In the Portugal match, Klinsmann had to set a lineup without Jozy Altidore up top, opting for a defensively-oriented 4-5-1 formation with Clint Dempsey serving as the lone striker and a five-man midfield put in place to slow down the counterattacking Portuguese.
The plan worked…almost perfectly. The gaffe on the back line in the first half by Geoff Cameron and a horrible turn of events in the last 30 seconds of stoppage time aside—if it's possible to simply put either of those plays aside—the U.S. played a very solid match against Portugal. Again, Klinsmann deserves the credit.
He managed a nearly perfect game, starting the right lineup and staying patient despite the early mistake that led to an easy goal for Nani. In the second half, with a full complement of tactical substitutions at his disposal for the first time in the World Cup, Klinsmann made inspired moves, most notably installing DeAndre Yedlin as a midfielder ahead of Johnson in the 72nd minute to replace a gassed Alejandro Bedoya.
Not only did Yedlin provide cover for Johnson, but he used his pace and fresh legs to torch the Portugal defense down the right side, making the run that led to Dempsey's go-ahead goal in the 81st minute.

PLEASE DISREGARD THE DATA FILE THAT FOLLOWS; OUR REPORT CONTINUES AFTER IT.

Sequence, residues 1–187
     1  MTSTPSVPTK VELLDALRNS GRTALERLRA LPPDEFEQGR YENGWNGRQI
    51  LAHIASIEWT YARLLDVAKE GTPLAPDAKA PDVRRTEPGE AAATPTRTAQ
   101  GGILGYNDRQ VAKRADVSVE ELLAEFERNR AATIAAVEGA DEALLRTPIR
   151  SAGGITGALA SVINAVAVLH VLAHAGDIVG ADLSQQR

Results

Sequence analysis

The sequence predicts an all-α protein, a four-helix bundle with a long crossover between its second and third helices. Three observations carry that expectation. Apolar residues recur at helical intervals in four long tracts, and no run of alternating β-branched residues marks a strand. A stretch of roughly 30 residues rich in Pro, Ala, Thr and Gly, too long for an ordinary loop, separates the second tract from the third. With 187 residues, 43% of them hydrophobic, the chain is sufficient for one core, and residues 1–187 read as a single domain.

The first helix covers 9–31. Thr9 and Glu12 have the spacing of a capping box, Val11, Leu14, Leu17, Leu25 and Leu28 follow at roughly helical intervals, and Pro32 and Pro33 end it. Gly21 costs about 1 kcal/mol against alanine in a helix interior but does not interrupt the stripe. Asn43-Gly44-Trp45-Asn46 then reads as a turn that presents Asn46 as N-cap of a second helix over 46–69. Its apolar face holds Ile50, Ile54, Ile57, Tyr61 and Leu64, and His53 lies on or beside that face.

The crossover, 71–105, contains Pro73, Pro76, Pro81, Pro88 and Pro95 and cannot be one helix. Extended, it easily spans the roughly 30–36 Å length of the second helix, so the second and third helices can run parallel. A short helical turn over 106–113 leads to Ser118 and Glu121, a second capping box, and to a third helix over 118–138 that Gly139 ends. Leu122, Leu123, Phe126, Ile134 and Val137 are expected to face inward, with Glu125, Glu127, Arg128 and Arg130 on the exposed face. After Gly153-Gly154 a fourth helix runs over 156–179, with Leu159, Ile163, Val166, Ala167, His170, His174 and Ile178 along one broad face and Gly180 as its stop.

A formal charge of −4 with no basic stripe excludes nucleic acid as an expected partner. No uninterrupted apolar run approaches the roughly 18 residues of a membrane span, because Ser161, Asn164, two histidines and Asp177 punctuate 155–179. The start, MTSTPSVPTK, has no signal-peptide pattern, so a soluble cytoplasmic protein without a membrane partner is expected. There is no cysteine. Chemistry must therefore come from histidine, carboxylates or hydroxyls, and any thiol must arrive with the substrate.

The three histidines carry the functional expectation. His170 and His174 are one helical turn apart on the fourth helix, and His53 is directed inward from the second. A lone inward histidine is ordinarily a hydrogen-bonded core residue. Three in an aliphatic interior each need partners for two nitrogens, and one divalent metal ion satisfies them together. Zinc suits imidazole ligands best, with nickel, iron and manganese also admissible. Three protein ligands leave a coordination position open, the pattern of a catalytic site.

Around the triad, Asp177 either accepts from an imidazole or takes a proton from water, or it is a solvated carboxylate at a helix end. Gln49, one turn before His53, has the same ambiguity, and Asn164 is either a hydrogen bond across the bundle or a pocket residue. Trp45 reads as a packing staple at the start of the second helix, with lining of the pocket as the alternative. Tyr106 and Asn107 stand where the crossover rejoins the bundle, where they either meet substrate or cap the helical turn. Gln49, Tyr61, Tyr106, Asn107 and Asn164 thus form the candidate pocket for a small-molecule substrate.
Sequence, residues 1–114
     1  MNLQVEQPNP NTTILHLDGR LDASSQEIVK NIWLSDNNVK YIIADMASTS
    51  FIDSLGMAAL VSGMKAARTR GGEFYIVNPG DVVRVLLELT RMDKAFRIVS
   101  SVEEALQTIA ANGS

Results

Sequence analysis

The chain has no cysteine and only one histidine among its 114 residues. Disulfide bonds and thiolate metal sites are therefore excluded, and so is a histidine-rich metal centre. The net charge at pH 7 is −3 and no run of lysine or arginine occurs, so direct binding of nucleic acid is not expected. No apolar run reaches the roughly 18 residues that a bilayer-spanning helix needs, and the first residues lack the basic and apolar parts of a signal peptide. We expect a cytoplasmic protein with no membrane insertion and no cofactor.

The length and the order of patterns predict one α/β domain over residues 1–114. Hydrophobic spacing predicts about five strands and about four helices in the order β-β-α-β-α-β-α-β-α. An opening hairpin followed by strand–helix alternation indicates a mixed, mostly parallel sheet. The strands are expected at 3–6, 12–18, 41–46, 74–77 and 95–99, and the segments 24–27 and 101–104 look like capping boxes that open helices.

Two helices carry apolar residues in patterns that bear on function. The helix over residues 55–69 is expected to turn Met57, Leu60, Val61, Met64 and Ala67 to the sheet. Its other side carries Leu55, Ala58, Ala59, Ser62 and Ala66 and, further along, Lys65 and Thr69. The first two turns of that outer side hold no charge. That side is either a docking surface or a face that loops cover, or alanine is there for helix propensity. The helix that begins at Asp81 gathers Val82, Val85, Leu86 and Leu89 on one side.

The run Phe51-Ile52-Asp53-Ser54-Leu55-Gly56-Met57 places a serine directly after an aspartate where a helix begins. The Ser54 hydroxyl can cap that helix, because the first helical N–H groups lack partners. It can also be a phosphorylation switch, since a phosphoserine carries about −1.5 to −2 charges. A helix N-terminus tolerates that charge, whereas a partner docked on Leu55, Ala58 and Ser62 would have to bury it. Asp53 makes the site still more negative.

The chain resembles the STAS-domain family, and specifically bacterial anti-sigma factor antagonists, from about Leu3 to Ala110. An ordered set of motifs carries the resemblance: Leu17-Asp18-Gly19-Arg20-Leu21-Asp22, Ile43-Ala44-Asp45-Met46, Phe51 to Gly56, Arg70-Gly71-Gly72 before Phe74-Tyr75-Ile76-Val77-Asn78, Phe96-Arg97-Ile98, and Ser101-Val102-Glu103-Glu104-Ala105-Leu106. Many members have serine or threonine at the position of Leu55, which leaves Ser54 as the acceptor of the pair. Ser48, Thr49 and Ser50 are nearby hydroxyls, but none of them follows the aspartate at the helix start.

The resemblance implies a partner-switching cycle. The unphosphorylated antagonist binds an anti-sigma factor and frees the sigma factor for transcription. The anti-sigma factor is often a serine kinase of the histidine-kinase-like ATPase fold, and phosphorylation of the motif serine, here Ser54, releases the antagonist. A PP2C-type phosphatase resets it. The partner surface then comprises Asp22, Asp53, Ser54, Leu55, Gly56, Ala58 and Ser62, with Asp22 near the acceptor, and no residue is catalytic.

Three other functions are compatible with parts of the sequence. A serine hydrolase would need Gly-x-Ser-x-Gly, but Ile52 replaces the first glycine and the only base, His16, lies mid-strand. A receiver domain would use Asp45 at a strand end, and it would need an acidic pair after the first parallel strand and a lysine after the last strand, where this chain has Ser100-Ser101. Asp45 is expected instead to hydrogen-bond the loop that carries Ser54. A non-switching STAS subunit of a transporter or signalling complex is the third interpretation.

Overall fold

Six minutes later, Klinsmann made his second move, pulling a hobbled Dempsey for Chris Wondolowski, a savvy MLS veteran in his first World Cup. "Wondo" was able to slow the game down and control the ball in the offensive third in his limited time on the field, stealing precious seconds away from Portugal.
You can surely question the installation of Omar Gonzalez in the 90th minute if you'd like, as Gonzalez has been hampered by an injury and, frankly, hasn't shown he's capable of playing at a World Cup level, but really, the substitution was nothing more than a time-waster and a way to insert an extra defender in case of disaster. Besides, Klinsmann did the same thing in the Gold Cup finale and it worked, so the precedent for three center backs on a five-man back line to close out an important match was set.
In retrospect, that sub should have been Brooks, but even then, the game-tying goal was more a result of a mistake by Michael Bradley in the midfield, DaMarcus Beasley's tired legs marking Ronaldo and a miscommunication of sorts between Cameron and Johnson that left Varela unmarked in the box for essentially a free header to tie the match than anything Klinsmann did.